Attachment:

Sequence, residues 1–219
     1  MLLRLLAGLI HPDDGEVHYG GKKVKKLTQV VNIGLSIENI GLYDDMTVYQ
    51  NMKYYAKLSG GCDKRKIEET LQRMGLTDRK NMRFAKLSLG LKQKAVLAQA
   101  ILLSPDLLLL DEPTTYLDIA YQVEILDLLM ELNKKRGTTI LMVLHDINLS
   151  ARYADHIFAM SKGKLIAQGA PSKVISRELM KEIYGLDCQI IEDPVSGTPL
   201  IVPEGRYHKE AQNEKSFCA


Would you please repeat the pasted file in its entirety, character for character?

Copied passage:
Sequence, residues 1–219
     1  MLLRLLAGLI HPDDGEVHYG GKKVKKLTQV VNIGLSIENI GLYDDMTVYQ
    51  NMKYYAKLSG GCDKRKIEET LQRMGLTDRK NMRFAKLSLG LKQKAVLAQA
   101  ILLSPDLLLL DEPTTYLDIA YQVEILDLLM ELNKKRGTTI LMVLHDINLS
   151  ARYADHIFAM SKGKLIAQGA PSKVISRELM KEIYGLDCQI IEDPVSGTPL
   201  IVPEGRYHKE AQNEKSFCA